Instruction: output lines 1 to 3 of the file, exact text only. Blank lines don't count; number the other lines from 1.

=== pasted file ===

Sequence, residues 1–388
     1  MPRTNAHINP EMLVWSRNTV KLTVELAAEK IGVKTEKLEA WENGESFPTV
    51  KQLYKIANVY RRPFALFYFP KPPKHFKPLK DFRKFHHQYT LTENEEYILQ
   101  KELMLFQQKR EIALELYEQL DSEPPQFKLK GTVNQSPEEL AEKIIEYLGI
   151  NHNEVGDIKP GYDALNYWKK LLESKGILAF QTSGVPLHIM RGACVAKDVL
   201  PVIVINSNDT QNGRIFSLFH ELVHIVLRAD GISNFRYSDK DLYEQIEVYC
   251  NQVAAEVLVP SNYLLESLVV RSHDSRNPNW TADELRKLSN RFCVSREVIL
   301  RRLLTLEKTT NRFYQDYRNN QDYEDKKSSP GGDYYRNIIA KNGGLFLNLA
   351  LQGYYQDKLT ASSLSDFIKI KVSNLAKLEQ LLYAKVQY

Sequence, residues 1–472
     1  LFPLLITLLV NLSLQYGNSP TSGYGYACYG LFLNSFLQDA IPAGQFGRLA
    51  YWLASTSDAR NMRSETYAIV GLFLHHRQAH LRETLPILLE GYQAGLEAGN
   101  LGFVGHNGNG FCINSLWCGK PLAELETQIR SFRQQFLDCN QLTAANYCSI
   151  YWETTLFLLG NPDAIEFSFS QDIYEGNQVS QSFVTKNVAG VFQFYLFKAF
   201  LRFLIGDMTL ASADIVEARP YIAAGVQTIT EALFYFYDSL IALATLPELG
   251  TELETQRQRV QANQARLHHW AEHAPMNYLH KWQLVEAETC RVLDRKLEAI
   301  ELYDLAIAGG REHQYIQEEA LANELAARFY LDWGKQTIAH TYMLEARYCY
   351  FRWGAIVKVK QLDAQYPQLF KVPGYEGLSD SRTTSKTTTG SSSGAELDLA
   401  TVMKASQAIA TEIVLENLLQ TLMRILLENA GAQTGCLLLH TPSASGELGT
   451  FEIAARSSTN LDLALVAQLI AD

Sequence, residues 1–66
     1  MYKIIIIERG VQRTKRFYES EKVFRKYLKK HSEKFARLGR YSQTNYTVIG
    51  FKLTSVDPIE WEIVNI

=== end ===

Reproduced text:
Sequence, residues 1–388
     1  MPRTNAHINP EMLVWSRNTV KLTVELAAEK IGVKTEKLEA WENGESFPTV
    51  KQLYKIANVY RRPFALFYFP KPPKHFKPLK DFRKFHHQYT LTENEEYILQ